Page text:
A few days ago, Italy proposed to increase the maximum limit for cash payments to 5,000 euros, despite criticism from the Bank of Italy. Under current law, Italians can use cash for payments up to €2,000, but this limit was lowered to €1,000 by 2023. The new twist would change this. And not only that: merchants would be allowed to refuse to accept digital payments for transactions of up to €60.
In Europe, many people still pay in cash. This is due to many factors, but the reality is that there are cultural reasons for their aversion to digital payment systems, as we have seen in Germany. many europeans they believe that they manage their finances better if they have the money in their hands. Now, with the digital euro just around the corner, the debate on the disappearance of cash is on the table. And it doesn’t seem like an easy path.
Whether in bars or shops, in Germany you can only pay cash in many places. And it is not something that annoys customers, quite the opposite: They’re used to it to carry cash with them, and they like to do it. The German country has been the subject of ridicule from other countries where cashless systems are growing rapidly. “Germany is supposed to be an advanced country, why would they continue with the old coins and banknotes?” many ask.
In reality, the cash culture that exists in Germany is not only due to stores refusing to accept cards, but it is part of the mentality of their society. “The owners of some bars thought that paying with my Apple Watch was witchcraft“, explained a British woman in this article from The Local, who states that knowledge of contactless payments was minimal. According to a survey by the payment service provider Klarna, almost half of Germans (49%) still prefer to pay online. cash.
Security and privacy protection are often cited as reasons for many Europeans’ preference for cash payments. However, for Erich Kirchler, a business psychologist, the essential factor is control. “We don’t want to patronize. We want autonomy, we want the freedom and convenience that cash offers,” he commented in this DW article.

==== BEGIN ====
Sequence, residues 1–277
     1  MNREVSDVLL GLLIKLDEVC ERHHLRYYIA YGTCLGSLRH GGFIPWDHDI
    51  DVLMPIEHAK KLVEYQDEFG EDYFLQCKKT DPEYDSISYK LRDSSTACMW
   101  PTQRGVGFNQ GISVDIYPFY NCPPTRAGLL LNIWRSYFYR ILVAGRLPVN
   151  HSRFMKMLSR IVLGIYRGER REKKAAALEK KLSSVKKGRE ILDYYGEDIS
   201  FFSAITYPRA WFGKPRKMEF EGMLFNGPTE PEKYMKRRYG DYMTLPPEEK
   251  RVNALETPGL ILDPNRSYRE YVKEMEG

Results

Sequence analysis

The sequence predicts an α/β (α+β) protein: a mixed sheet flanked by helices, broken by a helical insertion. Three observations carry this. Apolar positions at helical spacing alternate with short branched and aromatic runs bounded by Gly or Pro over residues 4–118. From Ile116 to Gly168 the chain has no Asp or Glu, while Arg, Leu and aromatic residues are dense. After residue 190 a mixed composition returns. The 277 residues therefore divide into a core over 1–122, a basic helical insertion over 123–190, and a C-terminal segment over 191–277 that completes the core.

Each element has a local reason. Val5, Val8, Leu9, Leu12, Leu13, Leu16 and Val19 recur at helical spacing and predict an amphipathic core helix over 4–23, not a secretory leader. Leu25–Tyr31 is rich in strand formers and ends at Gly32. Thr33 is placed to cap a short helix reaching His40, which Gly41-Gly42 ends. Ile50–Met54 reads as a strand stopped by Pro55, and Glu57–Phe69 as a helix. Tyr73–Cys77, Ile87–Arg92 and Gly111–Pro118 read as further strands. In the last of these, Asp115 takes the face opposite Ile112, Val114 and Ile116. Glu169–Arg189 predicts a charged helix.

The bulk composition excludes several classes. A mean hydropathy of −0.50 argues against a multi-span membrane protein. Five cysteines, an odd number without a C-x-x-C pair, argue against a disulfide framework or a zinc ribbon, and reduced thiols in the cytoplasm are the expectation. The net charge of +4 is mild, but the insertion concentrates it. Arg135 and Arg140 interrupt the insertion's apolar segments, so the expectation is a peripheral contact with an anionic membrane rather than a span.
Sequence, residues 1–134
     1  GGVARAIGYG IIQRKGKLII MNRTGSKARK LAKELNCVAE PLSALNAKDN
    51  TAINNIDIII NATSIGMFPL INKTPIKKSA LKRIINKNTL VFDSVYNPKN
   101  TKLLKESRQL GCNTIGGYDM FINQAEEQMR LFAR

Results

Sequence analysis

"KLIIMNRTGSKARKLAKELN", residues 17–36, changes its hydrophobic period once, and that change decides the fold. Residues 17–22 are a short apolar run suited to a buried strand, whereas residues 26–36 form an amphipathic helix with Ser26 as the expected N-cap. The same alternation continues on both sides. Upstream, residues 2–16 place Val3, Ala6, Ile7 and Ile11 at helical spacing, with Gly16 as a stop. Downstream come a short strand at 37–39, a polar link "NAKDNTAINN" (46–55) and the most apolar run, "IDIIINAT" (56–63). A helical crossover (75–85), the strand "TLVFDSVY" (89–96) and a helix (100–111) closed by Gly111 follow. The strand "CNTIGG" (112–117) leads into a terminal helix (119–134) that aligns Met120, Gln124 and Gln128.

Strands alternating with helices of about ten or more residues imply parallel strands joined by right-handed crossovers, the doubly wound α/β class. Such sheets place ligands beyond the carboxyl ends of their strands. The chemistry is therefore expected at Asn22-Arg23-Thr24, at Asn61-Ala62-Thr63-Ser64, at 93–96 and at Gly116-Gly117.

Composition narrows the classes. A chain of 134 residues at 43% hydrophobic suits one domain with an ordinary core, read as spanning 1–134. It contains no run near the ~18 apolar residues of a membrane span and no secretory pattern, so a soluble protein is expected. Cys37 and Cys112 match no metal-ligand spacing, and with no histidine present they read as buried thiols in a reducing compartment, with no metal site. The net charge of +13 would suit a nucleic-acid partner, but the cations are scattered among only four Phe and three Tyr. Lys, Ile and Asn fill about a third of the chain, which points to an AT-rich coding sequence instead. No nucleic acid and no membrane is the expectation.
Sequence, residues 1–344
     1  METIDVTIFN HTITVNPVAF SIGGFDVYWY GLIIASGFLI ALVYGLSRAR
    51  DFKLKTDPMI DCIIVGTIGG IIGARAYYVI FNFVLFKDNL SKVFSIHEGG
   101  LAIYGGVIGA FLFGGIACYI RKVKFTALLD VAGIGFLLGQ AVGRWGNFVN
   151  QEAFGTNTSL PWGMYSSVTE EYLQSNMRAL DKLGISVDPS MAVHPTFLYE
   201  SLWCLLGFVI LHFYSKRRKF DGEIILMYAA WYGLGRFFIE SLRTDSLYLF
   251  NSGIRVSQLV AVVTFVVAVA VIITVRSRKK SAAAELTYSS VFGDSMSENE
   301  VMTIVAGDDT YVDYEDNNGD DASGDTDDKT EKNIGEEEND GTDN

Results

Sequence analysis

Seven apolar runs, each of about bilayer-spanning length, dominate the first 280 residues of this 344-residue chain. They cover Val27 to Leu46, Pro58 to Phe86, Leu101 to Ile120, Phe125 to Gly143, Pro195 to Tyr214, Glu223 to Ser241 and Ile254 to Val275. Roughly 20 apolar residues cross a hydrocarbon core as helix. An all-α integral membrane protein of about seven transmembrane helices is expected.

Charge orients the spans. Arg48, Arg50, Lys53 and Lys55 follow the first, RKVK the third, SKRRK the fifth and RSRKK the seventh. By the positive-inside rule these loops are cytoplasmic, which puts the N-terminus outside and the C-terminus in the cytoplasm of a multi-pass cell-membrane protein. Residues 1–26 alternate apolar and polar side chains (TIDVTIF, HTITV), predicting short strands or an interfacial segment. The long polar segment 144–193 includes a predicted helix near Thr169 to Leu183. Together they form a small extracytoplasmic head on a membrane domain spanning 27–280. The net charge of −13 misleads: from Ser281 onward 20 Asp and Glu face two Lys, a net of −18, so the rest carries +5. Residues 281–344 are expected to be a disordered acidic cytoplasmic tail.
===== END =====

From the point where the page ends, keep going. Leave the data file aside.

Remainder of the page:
According to the expert, Germans and many Europeans are worried about losing control of their finances and identifies two reasons: on the one hand, they fear that it could lead to greater control by the state or banks. Second, they have the impression that they can better control their spending by handling real money.
In reality, few countries are as averse to card payments as Germany. According to the European Central Bank, Germans carry around €103 in their wallets on average, more than any other European. They pay 80% of their purchases in cash, surpassed in this regard by countries like Italy (86%) and Spain (87%).
But the number of small stores and restaurants that accept cashless payments is constantly increasing, especially after the pandemic, and mainly because customers increasingly expect to pay cashless. And card fees are another reason small shops and restaurants still rely on cash.
Determining which countries are closest to a cashless future is tricky. Mainly because it can’t be traced. But there is a wealth of data that provides us with a solid clue as to which European countries are leading the race towards a cashless future.
In 2019, Austrians withdrew a staggering €140 a week from ATMs, while Norwegians withdrew just €35. In 2020, 96% of the Icelandic population used banking on-line, compared to only 9% in Romania. As can be seen, the Nordics have completely abandoned cash.
Sweden, the first European country to issue banknotes, is also one of the first to get rid of them. With less than 32 ATMs for every 100,000 inhabitants, more than 98% of its citizens use a debit card. Even is encouraged by law. There it is totally legal for a merchant to refuse cash payments. Also, many banks do not handle cash transactions at branches.
Norway is another clear example. According to data from the World Bank. Nearly all Norwegians (98%) have a debit card and Norway’s central bank says that only 3-5% of all POS transactions were made with physical cash, and three out of four card transactions were made contactless. Furthermore, more than 95% of the population uses mobile payment applications.
The arrival of the digital euro
A few days ago, as we reported in Xataka, the president of the European Central Bank, Christine Lagarde, explained that the ECB is collaborating with the European Commission, the European Parliament and various finance ministers to develop a digital euro, a currency that wants to prevail over cryptocurrencies and that theoretically will supplement cashI wouldn’t replace it.
The digital euro would end, yes, with the anonymity of cash with the excuse of thus avoid fraud and terrorism. It is expected that the regulation arrives in 2023, and the digital euro could be issued and become an alternative in 2025 or 2026. What is clear is that the physical is increasingly destined to disappear. Although some find it hard to accept.